In 1842, the pharmacist intervened again in order for the medic and poet Friedrich Bach, Lenau’s friend, to come to Oraviţa. During a debate over “the nationality laws” in 1853, he advocated building agricultural middle schools along with Sigismund Popovici and A. Vlad. He proposed trying a rural school model at Vrani, where the Knoblauch family owned land.
Furthermore, Karl Knoblauch collaborated with Pavel Vasici in order to analyse the thermal mineral waters at Ciclova Mountain, supported the relaunch of a beer brewery, manifested his wish for a psychiatric establishment in the area, and helped the academic painter Richard Peuchta with a scholarship.
Karl’s son, Augustin Knoblauch, also a pharmacist, was the president of the Sanitary Council of Oraviţa and a member of both the Sanitary County Committee and the Health County Council. One of his regular clients was the Military Command Hospital in Graz, which was looking for plants with curative qualities from the Banat area.
Between the years 1880 and 1882, Augustin had an important relationship with the famous Rotterdam company Richter, which transported saltpeter, glycerin, sulphur, and nitrate from the New World to Europe and supplied an important pharmacy network throughout the continent.
Augustin continued his father’s mission in the Cadastral Commission of Banat, collaborating with Pavel Vasici in the “Agriculture Reunion of Timisoara.” He also financed an outlet market in a Vienna suburb for the locals of the Caras villages, especially for those of Vrani, so they could sell cattle there.
Being interested in agriculture and zootechnics, Augustin collaborated with the savant Schütz (who discovered the glanders bacillus [along with Loeffer]), with Heaspe (who experimented with artificial insemination in goats ), and with the researcher Hoffmann from Stuttgart (who perfected artificial insemination equipment [1905–1907]).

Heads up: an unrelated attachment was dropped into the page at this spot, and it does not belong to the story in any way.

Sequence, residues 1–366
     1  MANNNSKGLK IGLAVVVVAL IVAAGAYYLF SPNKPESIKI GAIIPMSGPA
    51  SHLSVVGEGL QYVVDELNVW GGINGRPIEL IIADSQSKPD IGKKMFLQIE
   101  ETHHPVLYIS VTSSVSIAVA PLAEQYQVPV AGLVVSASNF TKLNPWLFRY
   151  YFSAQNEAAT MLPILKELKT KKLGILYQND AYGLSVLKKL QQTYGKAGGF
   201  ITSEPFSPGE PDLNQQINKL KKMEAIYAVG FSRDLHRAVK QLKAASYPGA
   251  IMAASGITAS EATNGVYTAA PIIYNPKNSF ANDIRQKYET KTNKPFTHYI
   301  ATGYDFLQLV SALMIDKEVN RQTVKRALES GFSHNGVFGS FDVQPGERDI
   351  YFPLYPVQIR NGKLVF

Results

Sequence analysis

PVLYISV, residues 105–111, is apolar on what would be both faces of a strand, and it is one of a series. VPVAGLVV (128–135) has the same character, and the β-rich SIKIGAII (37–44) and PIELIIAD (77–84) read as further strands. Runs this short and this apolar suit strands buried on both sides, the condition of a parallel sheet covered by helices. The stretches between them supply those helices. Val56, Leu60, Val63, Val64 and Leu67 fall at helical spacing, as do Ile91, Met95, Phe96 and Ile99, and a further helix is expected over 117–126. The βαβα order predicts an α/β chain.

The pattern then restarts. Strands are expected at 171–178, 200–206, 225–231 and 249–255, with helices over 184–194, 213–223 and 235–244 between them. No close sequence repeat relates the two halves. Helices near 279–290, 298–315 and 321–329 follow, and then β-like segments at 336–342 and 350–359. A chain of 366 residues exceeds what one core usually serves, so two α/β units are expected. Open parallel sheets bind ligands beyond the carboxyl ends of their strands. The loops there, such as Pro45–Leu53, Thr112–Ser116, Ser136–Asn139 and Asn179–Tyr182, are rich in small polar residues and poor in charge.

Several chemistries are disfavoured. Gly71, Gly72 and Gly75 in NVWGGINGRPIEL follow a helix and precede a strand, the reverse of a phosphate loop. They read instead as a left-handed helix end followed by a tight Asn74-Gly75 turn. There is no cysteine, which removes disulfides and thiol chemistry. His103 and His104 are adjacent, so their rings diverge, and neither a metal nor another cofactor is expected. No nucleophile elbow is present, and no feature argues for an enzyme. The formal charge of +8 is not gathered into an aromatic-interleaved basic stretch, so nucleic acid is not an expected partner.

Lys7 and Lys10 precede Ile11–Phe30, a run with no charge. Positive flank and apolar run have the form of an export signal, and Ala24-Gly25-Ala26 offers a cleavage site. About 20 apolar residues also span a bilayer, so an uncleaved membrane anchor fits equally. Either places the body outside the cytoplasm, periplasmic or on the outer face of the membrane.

Maximilian — Max, Miksa — Knoblauch (12 May 1860–1942), son of Augustin, obtained his degree in pharmacy in 1883 and worked alongside his father until 1910, when he took over the pharmacy business in Oraviţa. He won a Gold Medal for his pharmacy and his cosmetic products at the International Exhibition of Paris and at the International Exhibition of Rome.
Max continued his family’s tradition of agriculture and livestock work: in 1895, he was an ordinary and correspondent member of the Natural Science Society, a consultant to the Agriculture Ministry of Budapest, and a member of the County Commission for Agricultural Statistics. In 1932, when Romania was unified, he became a member of the Chamber of Agriculture Bureau of Caras.
In 1912, Max collaborated with Carre in the study of contagious agalactia (lactation failure) in sheep. In 1923, the pharmacist from Oraviţa collaborated with Donatien and Bride, who discovered the agalactia microbe. Also, he tried to introduce cultures of Tisa and Odvos wheat to Oraviţa, as well as the cultivation of cotton, Italian corn, “cinguatin” corn, and “Canadian” corn.